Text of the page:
Said the researchers: "Besides its reliability and application for diagnosis, decision making, and treatment planning, CBCT imaging is receiving increasing recognition as a possible tool to use during actual endodontic treatment ... A number of investigations have looked into the acceptance and application of CBCT technology in different fields of dentistry, including its use in oral and maxillofacial surgery, orthodontics, dental education, and dental hospital settings. These data were mostly collected in the form of surveys or questionnaires. No similar data exist for endodontics."

Eight questions comprised the survey of AAE members. The questions centered on demographics, access to CBCT machines, field of view, frequency of use for particular applications, and, when CBCT wasn't used, reasons. For statistical analysis, researchers applied x2 tests using the Qualtrics online suite.

"Participants were asked their age, type of practice, years since graduating from an endodontic specialty program, and access to CBCT imaging for the participants' clinical practice … participants who did not use CBCT technology were asked the reasons for not using CBCT imaging in their clinical practice," the researchers wrote.

Response rate to the survey was 35.2%, with 1,083 participants having completed the survey. Most participants—90.12%—were part of a solo or group private practice. Most—80.30%—also had access to a CBCT unit. "Having no access to a CBCT unit was declared by 209 respondents (19.30%)," researchers said.

A significantly higher percentage of practitioners in a residency program (currently in endodontic residency) had access to a CBCT unit.

The survey revealed that for all applications, clinicians used CBCT imaging significantly more often if the CBCT unit was on site as opposed to when it was offsite.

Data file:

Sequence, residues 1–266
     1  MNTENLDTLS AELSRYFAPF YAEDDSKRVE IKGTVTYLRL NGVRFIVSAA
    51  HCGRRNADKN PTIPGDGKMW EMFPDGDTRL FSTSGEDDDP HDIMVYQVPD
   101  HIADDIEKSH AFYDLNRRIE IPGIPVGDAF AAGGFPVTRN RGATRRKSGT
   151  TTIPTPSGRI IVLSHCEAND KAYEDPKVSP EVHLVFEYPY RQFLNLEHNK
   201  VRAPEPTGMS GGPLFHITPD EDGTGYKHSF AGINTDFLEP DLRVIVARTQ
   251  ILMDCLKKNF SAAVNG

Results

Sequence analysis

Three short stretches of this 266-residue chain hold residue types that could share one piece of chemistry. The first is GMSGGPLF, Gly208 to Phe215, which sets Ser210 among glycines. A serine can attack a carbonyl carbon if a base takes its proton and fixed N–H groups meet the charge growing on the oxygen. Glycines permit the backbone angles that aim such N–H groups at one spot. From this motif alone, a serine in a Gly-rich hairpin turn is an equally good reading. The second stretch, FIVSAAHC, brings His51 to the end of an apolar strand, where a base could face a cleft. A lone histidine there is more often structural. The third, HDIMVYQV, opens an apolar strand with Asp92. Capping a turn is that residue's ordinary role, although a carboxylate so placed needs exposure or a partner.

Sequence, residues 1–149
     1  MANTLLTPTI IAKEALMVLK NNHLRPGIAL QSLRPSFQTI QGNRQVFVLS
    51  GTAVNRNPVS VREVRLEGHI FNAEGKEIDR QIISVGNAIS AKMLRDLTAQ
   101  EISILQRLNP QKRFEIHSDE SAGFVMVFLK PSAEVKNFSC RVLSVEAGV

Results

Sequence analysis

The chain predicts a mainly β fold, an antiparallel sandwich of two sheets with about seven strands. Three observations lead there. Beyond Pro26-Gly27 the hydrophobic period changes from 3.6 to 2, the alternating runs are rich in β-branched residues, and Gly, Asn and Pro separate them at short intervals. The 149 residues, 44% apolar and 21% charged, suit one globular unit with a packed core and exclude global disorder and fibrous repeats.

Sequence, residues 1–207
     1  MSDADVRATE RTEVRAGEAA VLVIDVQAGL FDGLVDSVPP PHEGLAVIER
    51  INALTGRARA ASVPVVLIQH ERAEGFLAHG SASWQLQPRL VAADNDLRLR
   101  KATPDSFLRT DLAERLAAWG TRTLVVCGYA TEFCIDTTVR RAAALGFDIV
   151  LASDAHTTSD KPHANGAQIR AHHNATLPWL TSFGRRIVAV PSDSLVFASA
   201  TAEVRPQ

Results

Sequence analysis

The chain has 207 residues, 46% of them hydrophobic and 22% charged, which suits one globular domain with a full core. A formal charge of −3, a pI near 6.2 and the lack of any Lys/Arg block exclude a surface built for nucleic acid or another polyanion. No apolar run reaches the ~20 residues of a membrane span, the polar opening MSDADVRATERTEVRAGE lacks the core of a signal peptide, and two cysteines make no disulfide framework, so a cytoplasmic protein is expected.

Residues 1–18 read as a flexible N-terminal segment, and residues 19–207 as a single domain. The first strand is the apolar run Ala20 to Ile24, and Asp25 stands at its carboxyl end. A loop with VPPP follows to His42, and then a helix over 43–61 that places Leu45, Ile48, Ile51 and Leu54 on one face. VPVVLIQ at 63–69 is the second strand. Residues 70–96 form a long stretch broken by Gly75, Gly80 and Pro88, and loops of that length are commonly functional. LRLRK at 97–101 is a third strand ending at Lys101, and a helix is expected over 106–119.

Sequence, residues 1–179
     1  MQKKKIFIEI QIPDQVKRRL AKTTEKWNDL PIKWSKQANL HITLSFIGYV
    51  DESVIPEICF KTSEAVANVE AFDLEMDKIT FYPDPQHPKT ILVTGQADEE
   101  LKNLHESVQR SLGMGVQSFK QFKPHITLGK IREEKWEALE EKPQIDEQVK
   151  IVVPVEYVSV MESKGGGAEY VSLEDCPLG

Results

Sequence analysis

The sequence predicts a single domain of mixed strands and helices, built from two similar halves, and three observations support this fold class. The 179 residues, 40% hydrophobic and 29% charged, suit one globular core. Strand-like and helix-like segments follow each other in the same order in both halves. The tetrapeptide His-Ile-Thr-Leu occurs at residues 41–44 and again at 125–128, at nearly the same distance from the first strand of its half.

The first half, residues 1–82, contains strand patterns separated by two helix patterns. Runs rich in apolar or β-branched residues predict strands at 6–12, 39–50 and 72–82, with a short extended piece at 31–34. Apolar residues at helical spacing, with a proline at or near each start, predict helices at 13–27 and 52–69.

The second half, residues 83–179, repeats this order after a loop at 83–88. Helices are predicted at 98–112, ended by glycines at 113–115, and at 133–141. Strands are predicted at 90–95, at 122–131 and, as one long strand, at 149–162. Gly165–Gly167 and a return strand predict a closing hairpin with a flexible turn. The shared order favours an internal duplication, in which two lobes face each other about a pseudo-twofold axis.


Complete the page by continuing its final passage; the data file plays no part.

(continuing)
"Regarding the question why participants would not use CBCT technology in their place of practice, 53.79% named cost as the reason, 8.29% lack of installation space, 21.09% stated that they did not think that this technology was a necessary benefit, and 16.82% stated other reasons," the researchers wrote.

Ultimately, the survey outcomes demonstrated a prevalence of CBCT technology application in endodontic practice. "However, in particular, the general comment section of the survey exhibited that there is still a gap in acknowledgment of its usefulness between clinicians.”

Read the full article here.

Video screen image of Dr. Robert Ritter

Leading clinician talks about self-adhesive cementation.

As a leading researcher in adhesive and cosmetic dentistry, Dr. Robert Ritter has researched, lectured, and published numerous articles on the topic. Listen to what he has to say here.



Preoperative prednisolone for irreversible pulpitis

Image of white pills

Dental researchers at Cairo University in Egypt investigated the pain relief efficacy of a single, preoperative dose of oral prednisolone on postoperative pain in patients with symptomatic irreversible pulpitis.

The clinical trial also measured the effect of the preoperative prednisolone administration on postoperative analgesic intake in the study patients. The results were online July 4 in International Endodontic Journal.

"Postoperative pain, which commences a few hours or days after treatment, is always an unpleasant experience for both patients and clinicians," wrote the researchers. "Thus, its prevention and management are of prime importance. Previous studies have reported that the prevalence of post-endodontic pain is 40% at 24 h[ours]."

The researchers indicate finding only 1 previous study that evaluated preoperative, single-dose oral prednisolone to treat postoperative pain. That inconclusive study specified a need for other clinical trials with more control of variables to limit bias and provide more reliable results.

The Cairo University study aimed to further "assess the effect of a single-dose, orally administrated, 40 mg prednisolone on postoperative pain after single-visit root canal treatment of teeth with symptomatic irreversible pulpitis." The study design was a single-center, randomized, parallel, 2-arm, double-blind clinical trial with an allocation ratio of 1:1. Four hundred patients from the outpatient clinic of the Department of Endodontics participated in the clinical trial from 2012 to 2014. They were between 18-35 years of age.